If the device structures are grown on sapphire substrates, the lattice-mismatch-induced defects and dislocations (approaching 1010 cm-2 in some cases) cannot be reduced to a desired level on the order of 104 cm-2 or lower. Two other issues that affect mainly the carrier-injection efficiency are a difficulty in achieving highly doped p-type AlGaN cladding and barrier layers, and reduced magnitude of the band discontinuities at key heterojunction interfaces. Also, UV light is absorbed at the p-side electrode.

To minimize the impact of lattice-mismatch-induced defects and dislocations, bulk AlN material has recently been proposed and used as a substrate for UV light emitters.3 The AlN substrate leads to lower lattice and thermal mismatches between it and subsequent AlGaN layers. To reduce dislocations when bulk AlN is used as the substrate, the AlGaN layers grown on top must be sufficiently thin if the Al composition in them is high to guarantee that the structure is pseudomorphic (that is, they maintain the crystalline structure of the substrate). This may represent an unacceptable device design compromise. Although improved performance characteristics in UV LEDs that use this approach has been reported, the EQE for deep-UV LEDs (<350 nm emission wavelength) remains low (<2%).

Residual strain

In a recent paper, we argued that in addition to all the known problems that prevent the fabrication of highly efficient UV emitters, another limitation is the amount of residual strain in the device structures.4 Residual strain modifies the valence-band structure of AlGaN layers used in UV devices in a way that can negatively affect the emitted light polarization properties.5 To complicate matters, UV light emitted from an active AlxG1-xN/AlyGa1-yN multi-quantum-well structure can switch its polarization from transverse electric (TE) to transverse magnetic (TM), depending on the amount of residual strain present in the active layer—which further depends on the choice of template/substrate. When the emitted light is TM-polarized, it is difficult to extract along the c-axis (the direction along which the layers are grown). This leads to decreased light-extraction efficiency, and thus lower overall EQE. Thus, it is important to know in advance the aluminum composition of an AlxGa1-xN/AlyGa1-yN quantum-well structure and its relationship to either the bulk AlN substrate used or the AlzGa1-zN (x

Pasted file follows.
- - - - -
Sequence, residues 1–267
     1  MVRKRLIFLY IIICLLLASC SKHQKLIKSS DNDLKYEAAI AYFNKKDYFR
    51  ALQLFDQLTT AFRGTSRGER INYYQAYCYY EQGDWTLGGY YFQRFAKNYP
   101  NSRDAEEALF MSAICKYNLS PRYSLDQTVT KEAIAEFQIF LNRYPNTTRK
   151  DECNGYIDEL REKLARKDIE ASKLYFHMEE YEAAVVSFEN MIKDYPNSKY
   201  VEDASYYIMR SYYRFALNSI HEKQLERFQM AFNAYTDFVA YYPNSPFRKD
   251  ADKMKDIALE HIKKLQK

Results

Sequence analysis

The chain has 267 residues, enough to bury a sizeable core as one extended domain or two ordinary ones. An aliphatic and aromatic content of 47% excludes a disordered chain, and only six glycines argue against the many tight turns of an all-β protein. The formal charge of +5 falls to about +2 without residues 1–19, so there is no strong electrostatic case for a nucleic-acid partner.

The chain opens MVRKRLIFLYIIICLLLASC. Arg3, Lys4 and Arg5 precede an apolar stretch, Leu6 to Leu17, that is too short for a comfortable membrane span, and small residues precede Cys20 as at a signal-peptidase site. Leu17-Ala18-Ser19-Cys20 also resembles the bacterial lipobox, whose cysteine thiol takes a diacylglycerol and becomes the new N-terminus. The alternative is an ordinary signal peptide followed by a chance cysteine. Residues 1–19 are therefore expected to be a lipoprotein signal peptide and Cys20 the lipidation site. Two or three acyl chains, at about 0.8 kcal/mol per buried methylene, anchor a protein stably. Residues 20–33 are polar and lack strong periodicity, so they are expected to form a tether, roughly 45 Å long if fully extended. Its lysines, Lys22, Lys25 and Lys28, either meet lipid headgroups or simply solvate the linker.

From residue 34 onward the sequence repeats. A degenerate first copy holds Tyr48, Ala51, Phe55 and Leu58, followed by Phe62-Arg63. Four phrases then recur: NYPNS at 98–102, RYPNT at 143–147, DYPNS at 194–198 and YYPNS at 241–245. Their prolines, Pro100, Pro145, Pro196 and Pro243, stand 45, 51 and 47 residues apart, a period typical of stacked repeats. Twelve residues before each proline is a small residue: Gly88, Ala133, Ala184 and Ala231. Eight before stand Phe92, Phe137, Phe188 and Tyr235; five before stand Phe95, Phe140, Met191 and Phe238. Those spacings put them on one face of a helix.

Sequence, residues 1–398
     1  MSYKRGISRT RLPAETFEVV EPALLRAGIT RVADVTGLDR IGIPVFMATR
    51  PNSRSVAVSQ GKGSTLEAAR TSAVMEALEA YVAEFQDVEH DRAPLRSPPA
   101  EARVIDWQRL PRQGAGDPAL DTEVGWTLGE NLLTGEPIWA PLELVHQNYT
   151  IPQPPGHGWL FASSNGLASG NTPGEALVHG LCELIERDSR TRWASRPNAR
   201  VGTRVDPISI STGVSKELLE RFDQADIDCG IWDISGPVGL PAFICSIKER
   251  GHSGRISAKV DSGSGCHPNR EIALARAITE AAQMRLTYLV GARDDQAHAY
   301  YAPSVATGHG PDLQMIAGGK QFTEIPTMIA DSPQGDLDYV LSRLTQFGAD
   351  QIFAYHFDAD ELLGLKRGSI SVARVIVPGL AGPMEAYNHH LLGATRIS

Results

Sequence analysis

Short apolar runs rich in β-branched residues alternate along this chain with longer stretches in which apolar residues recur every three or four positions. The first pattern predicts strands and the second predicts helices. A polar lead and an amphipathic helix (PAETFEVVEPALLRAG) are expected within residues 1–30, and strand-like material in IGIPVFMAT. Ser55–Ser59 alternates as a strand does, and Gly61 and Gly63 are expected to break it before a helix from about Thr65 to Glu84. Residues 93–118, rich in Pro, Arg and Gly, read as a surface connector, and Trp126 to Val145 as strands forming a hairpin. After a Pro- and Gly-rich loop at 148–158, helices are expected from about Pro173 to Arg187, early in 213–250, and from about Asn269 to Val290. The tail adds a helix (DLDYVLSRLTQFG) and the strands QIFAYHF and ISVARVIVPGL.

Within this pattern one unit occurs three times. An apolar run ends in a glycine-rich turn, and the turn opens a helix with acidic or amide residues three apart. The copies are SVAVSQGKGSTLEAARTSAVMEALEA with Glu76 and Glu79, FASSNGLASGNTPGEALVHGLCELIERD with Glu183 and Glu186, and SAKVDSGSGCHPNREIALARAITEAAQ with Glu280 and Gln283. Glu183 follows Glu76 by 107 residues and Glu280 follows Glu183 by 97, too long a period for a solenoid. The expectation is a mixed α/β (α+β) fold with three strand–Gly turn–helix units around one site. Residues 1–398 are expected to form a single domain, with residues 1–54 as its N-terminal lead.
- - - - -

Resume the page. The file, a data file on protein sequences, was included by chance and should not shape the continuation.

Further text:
The ideal situation is where the Al content (and residual strain) does not lead to emitted light with a polarization that makes light extraction difficult. This basically implies that once the operating wavelength for a UV emitter has been selected, the active region and its associated layer structure should dictate the choice of template/substrate. This is not how UV emitters are conventionally designed. The usual approach is to accept the lattice and thermal constraints dictated by the template/substrate—which makes it difficult to decide how much residual strain can be managed.

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FIGURE 2. Bandgaps of UV nitride ternary alloys (AlGaN with a bowing parameter b=0.89 eV, InAlN-1 with b=5 eV) plotted against the c-axis lattice constant. The dotted red line (InAlN-2) is for a modified bandgap of the InAlN alloy using a low value of b=2.5 eV. Vertical bars denote the range of bandgaps for a particular lattice constant accessible via AONS.

Application-oriented nitride substrates